Roots in Egypt

Aromatherapy is believed to hold it's roots in Egypt, over 3,000 years before the time of Christ. Balls of odoriferous resins have been found in prehistoric tombs and inevitably the Egyptians would transition to incorporating fragrant plants, woods, and flowers into their incense blends. Incense burners have been found dating back to the Fifth Dynasty of Egypt. It is believed the Egyptians burned incense to honor their gods and to mask the unpleasant smells of everyday life.

Although some Chinese sub-cultures are believed to have used incense at an even earlier date, it's use did not become prevalent until the Xia, Shang, and Zhou dynasties.

Evolution of Aromatherapy

It is believed imperial harems and courtesans of this era used fragrant plant extracts and oils to help provide atmosphere in their homes and work dwellings. Egyptians were known to use aromatic plants in rituals. Ancient healing practices around this time are also known to have incorporated these such oils into their medicinal practices to cure ailments and prolong life.

These oils were even incorporated into the embalming process. The Egyptians believed that essential oils helped preserve the mummies and protect them from decay. Although the term Mummia refers to several different concoctions throughout the span of time, at one point it was mistranslated and they began selling medicine crafted from the black resinous exudate which was scraped out from embalmed mummies. This compound was thought to be rich in essential oils and extracts and ended up becoming a lucrative trade around the 12th century.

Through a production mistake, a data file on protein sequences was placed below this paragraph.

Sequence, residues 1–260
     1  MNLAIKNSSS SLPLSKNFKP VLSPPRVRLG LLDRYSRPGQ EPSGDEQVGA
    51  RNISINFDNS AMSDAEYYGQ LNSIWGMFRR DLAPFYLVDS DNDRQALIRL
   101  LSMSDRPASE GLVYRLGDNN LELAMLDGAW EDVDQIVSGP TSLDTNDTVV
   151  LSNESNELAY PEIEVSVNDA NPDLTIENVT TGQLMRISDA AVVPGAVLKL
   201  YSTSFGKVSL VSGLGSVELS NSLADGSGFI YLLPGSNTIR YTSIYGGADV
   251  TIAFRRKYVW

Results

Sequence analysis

Egypt was at one point a popular trade hub and exports of incense and perfumery flourished due to their unsurpassed quality. Traders would arrive in their ports from all over the world in seek of these fabled substances, while trying to trade exports from their own land. Priestesses were often employed to prepare the incense and the time-staking procedures were sometimes known to take months until the blends were perfected.

It wasn't long before these practices spread to Israel, India. and the Mediterranean, where each geographical location would develop it's own set of unique practices and customs. After the fall of the Roman Empire, Arab alchemists are thought to have perfected the ancient art of alchemy and distillation. Since then, aromatherapy has stood the test of time and is now used in hospitals and homes throughout the world. India is currently the largest producer of these compounds.